[ Back to EurekAlert! ] Public release date: 13-Aug-2009
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Contact: Graeme Baldwin
graeme.baldwin@biomedcentral.com
44-020-319-22165
BioMed Central

Orchids and fungi -- partners for life

IMAGE: This is an Aphyllorchis montana orchid.

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Three Thai orchids have been found to rely on a wide range of fungi to help them take carbon out of the soil instead of producing their own organic carbon. A detailed study of the relationship, published in the open access journal BMC Biology, also features stunning pictures of the plants.

Marc-André Selosse and Mélanie Roy, from the Centre d'Ecologie Fonctionnelle et Evolutive, Montpellier, France, studied Aphyllorchis montana, A. caudata and Cephalanthera exigua orchids with Suyanee Vessabutr and Santi Watthana from the Queen Sirikit Botanic Garden, Thailand. These orchids have no chlorophyll and rely on fungi colonizing their roots for their carbon supply. The plants, which grow on the ground in mountain forests, were collected from 10 different sampling sites in diverse parts of Thailand. The two Aphyllorchis orchids studied were found to associate with a wide range of fungi, while the Cephalanthera was much more specific. Selosse said, "We show for the first time that certain tropical orchids associate with highly diverse soil fungi colonizing their roots; using stable isotopes, we show that they are likely to use these fungi as a carbon source". Most importantly for conservation concerns, all these fungi associate in turn with the roots of nearby green trees, where they collect carbon for the orchids.

Speaking about the results of the study, Selosse said, "Plants really interact with fungi in an unexpectedly diverse way - the impression one gains is that there is a great need for more research on biological interactions in the tropics to unravel this diversity".

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Notes to Editors

1. Two mycoheterotrophic orchids from Thailand tropical dipterocarpacean forests associate with a broad diversity of ectomycorrhizal fungi
Mélanie Roy, Santi Watthana, Anna Stier, Franck Richard, Suyanee Vessabutr and Marc-André Selosse
BMC Biology (in press)

During embargo, article available here: http://www.biomedcentral.com/imedia/1246092962258941_article.pdf?random=877051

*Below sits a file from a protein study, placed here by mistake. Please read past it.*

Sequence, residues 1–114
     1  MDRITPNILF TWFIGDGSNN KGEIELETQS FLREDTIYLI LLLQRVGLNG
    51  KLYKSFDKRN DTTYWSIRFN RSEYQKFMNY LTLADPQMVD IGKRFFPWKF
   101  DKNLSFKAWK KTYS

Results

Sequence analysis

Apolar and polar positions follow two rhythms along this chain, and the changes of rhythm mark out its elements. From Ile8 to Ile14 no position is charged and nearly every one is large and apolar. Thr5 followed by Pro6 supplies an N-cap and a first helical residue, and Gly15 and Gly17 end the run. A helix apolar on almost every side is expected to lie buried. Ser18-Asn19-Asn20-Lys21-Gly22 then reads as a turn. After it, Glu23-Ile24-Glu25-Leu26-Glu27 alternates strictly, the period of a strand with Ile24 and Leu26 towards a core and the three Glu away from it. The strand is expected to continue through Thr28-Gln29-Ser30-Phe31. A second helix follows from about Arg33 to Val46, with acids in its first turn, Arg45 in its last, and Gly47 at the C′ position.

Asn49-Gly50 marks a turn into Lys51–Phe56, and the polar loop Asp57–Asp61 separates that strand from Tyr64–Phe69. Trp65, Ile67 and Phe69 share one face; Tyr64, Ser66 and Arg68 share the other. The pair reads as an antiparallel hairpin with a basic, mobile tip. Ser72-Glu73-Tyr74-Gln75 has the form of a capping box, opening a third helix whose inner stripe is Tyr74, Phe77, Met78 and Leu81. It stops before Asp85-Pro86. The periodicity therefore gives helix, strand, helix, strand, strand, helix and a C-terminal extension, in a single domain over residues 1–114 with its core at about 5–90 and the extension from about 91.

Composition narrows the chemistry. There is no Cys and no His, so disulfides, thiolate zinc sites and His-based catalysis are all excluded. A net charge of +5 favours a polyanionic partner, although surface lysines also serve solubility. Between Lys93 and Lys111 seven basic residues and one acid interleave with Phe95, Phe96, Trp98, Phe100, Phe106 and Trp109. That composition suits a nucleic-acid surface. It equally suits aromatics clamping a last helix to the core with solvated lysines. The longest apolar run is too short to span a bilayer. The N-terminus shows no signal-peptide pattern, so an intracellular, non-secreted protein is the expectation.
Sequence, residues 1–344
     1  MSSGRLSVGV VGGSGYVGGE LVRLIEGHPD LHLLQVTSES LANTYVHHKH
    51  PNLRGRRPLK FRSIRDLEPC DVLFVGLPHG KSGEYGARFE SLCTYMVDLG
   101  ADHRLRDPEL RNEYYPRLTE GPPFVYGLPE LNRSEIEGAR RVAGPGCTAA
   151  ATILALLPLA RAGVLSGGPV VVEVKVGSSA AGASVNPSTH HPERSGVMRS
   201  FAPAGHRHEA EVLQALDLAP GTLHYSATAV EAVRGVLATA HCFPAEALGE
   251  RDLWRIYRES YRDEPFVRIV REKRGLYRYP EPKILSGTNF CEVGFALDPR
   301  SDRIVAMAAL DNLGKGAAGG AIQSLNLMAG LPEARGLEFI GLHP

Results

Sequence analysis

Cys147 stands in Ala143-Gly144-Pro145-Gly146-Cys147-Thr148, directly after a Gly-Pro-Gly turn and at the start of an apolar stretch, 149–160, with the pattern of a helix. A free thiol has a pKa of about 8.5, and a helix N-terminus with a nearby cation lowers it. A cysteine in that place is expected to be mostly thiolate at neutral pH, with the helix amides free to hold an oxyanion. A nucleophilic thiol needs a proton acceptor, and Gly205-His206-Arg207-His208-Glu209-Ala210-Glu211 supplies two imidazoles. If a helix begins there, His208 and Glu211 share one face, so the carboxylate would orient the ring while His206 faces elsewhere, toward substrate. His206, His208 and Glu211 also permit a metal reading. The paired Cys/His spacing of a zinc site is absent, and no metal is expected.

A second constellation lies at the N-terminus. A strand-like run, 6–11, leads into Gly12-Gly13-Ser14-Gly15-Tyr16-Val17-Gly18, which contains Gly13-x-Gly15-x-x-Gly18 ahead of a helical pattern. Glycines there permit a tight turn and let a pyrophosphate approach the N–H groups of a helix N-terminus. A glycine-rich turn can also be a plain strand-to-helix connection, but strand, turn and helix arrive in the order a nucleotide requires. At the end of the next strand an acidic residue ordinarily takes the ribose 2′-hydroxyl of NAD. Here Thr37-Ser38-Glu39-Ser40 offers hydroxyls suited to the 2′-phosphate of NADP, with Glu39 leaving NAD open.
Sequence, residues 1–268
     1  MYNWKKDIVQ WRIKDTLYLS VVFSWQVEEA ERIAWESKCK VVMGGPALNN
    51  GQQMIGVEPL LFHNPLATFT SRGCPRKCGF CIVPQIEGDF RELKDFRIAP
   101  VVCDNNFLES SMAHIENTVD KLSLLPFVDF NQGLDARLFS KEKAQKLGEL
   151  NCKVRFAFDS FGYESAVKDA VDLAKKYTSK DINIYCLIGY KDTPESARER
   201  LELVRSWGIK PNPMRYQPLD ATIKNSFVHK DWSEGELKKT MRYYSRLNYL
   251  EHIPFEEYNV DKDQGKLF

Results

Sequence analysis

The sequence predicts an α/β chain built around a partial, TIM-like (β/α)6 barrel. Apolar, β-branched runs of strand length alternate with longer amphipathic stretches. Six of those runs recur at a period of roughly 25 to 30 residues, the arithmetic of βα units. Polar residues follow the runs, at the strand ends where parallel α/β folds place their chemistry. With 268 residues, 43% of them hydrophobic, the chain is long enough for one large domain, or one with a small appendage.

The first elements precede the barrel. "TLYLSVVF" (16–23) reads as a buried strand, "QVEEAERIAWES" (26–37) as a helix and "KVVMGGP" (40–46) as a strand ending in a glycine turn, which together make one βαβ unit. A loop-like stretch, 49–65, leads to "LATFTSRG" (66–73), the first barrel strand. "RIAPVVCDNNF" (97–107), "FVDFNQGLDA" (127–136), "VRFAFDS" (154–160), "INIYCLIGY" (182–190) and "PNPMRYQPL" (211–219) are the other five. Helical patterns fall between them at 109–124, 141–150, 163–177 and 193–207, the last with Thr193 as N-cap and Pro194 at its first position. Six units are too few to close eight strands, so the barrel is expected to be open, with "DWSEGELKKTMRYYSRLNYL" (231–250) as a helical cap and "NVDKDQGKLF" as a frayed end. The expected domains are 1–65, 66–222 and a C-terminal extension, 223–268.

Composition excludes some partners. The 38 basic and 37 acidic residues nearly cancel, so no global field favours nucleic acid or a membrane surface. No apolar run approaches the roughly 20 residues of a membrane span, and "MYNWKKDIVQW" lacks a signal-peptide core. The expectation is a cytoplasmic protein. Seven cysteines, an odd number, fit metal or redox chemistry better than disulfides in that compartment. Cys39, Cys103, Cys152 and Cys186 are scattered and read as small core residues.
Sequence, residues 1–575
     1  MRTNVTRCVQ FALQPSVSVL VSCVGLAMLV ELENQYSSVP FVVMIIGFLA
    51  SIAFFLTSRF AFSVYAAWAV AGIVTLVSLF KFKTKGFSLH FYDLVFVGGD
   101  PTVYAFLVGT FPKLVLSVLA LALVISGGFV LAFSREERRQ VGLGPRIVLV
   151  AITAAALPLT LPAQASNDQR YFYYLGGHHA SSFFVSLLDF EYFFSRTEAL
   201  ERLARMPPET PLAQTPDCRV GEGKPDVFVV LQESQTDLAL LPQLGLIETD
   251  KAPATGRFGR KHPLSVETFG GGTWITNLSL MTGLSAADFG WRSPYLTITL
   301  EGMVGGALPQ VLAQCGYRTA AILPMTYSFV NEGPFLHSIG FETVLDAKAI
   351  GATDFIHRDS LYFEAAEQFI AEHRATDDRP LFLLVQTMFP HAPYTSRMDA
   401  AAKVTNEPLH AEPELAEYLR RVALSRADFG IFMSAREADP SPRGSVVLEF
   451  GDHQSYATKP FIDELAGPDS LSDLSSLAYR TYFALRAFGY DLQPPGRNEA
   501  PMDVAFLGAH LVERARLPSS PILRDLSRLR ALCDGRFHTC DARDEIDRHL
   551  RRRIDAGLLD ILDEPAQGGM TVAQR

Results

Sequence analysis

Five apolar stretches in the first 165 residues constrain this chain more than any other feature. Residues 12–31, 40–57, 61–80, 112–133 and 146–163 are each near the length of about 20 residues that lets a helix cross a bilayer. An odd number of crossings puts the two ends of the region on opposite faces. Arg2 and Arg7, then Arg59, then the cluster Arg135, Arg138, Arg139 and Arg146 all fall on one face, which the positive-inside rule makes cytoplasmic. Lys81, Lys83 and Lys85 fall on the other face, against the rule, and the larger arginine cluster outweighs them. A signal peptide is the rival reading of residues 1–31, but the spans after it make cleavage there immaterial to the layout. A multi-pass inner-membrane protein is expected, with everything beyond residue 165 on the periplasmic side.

After the embargo, article available at journal website: http://www.biomedcentral.com/bmcbiol/

Please name the journal in any story you write. If you are writing for the web, please link to the article. All articles are available free of charge, according to BioMed Central's open access policy.

Article citation and URL available on request at press@biomedcentral.com on the day of publication

2. Pictures of the orchids are available here:

http://www.biomedcentral.com/graphics/email/images/orchid1.jpg
http://www.biomedcentral.com/graphics/email/images/orchid2.jpg
http://www.biomedcentral.com/graphics/email/images/orchid3.jpg

3. BMC Biology - the flagship biology journal of the BMC series - publishes research and methodology articles of special importance and broad interest in any area of biology and biomedical sciences. BMC Biology (ISSN 1741-7007) is covered by PubMed, MEDLINE, BIOSIS, CAS, Scopus, EMBASE, Zoological Record, Thomson Reuters (ISI) and Google Scholar.

4. BioMed Central (http://www.biomedcentral.com/) is an STM (Science, Technology and Medicine) publisher which has pioneered the open access publishing model. All peer-reviewed research articles published by BioMed Central are made immediately and freely accessible online, and are licensed to allow redistribution and reuse. BioMed Central is part of Springer Science+Business Media, a leading global publisher in the STM sector.



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